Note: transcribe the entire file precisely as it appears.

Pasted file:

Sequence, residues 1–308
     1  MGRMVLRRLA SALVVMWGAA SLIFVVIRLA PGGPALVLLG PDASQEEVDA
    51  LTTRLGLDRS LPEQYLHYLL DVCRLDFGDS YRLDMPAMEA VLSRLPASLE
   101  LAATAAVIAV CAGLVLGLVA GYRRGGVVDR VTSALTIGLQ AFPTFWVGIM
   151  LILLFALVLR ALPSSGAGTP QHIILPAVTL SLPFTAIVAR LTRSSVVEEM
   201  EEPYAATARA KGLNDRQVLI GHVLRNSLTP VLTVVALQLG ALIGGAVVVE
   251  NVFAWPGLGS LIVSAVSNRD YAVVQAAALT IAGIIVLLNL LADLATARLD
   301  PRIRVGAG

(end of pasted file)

Sequence, residues 1–308
     1  MGRMVLRRLA SALVVMWGAA SLIFVVIRLA PGGPALVLLG PDASQEEVDA
    51  LTTRLGLDRS LPEQYLHYLL DVCRLDFGDS YRLDMPAMEA VLSRLPASLE
   101  LAATAAVIAV CAGLVLGLVA GYRRGGVVDR VTSALTIGLQ AFPTFWVGIM
   151  LILLFALVLR ALPSSGAGTP QHIILPAVTL SLPFTAIVAR LTRSSVVEEM
   201  EEPYAATARA KGLNDRQVLI GHVLRNSLTP VLTVVALQLG ALIGGAVVVE
   251  NVFAWPGLGS LIVSAVSNRD YAVVQAAALT IAGIIVLLNL LADLATARLD
   301  PRIRVGAG